Fifty years ago, five centuries of Portuguese dominion in Goa was brought to an end by an Indian invasion, at the cost of less than sixty lives, divided more or less equally between Indian and Portuguese forces. My uncle (father's elder brother) was a young air force pilot at the time, and, years later, he told me of his role in the operation.
He had flown a transport to Goa to evacuate Indian soldiers after the battle. News from the war zone was sketchy; there were reports the airport had been shelled. From the sky, the airstrip looked badly cratered, except for the first third of it, which appeared normal. My uncle aimed for the verge of the airstrip and hit the emergency brakes as soon as the aircraft's wheels touched the ground. He managed to get the machine to stop before the battle-scarred zone.
My memory isn't perfect at this point, but if I recall right, my uncle said there was a problem getting the plane to restart because of the emergency procedure he'd employed. It took him nearly as long to get to the building where armymen were waiting, as it had to fly from Bombay to Panjim. The victorious Indian soldiers appeared to have emptied Goa's liquor stores. Each soldier was carrying crates of rum, whiskey and feni. Once the men and booze were on board, the plane took off from a state that was now part of India.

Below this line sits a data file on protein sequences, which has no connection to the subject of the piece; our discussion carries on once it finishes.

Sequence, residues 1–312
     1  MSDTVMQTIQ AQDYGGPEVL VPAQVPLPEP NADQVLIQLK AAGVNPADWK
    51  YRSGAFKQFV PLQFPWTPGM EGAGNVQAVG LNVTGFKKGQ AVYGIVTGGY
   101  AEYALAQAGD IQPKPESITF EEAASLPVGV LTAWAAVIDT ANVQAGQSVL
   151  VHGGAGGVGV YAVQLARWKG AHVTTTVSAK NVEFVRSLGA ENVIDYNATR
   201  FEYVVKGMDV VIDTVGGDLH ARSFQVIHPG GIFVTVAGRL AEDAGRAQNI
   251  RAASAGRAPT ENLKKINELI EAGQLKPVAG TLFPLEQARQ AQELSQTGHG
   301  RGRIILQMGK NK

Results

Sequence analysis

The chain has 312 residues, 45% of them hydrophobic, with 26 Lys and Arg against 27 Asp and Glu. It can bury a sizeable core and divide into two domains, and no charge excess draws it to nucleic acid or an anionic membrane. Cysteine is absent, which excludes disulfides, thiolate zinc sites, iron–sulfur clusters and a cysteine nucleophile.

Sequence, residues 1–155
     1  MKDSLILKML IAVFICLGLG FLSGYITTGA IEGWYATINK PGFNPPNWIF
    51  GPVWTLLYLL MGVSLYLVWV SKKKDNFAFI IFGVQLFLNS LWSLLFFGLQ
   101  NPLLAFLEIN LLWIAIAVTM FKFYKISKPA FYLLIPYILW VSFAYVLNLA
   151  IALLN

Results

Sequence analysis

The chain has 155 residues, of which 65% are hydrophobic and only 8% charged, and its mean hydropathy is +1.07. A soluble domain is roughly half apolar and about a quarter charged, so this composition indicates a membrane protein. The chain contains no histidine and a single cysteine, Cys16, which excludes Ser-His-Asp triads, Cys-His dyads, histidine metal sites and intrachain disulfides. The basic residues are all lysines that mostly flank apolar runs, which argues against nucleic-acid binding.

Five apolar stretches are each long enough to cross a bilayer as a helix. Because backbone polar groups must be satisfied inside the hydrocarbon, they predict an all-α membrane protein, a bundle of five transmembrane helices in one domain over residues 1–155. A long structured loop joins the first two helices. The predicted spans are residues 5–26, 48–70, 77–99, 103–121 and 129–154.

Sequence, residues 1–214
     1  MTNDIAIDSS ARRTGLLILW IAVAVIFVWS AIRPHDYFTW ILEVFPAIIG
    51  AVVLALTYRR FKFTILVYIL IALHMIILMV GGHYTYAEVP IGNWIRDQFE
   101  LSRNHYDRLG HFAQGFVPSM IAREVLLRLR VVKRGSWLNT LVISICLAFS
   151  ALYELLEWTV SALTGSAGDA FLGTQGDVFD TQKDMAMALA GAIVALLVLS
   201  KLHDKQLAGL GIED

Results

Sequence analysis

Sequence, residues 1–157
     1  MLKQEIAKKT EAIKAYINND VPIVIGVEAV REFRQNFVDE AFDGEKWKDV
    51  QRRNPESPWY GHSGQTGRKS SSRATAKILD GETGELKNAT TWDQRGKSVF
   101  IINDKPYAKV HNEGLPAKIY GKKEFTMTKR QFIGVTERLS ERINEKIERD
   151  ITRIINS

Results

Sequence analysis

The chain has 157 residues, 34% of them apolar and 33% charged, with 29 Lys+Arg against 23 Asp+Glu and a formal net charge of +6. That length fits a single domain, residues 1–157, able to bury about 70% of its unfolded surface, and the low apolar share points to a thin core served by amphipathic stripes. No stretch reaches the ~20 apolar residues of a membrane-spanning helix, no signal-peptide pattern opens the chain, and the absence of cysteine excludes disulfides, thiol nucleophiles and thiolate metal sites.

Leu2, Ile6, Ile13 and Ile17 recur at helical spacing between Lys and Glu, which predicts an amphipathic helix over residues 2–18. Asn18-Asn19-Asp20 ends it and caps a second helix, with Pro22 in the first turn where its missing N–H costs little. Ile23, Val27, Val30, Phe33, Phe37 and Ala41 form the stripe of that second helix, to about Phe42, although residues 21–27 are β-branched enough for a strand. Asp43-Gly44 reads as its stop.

The emergency brakes had been unnecessary. What had appeared to be damage from artillery shells was just asphalt patch-ups on a concrete runway.
When I land in Goa these days, I notice they still use asphalt to repair the runway, and the strip still looks battle-scarred when viewed from the air.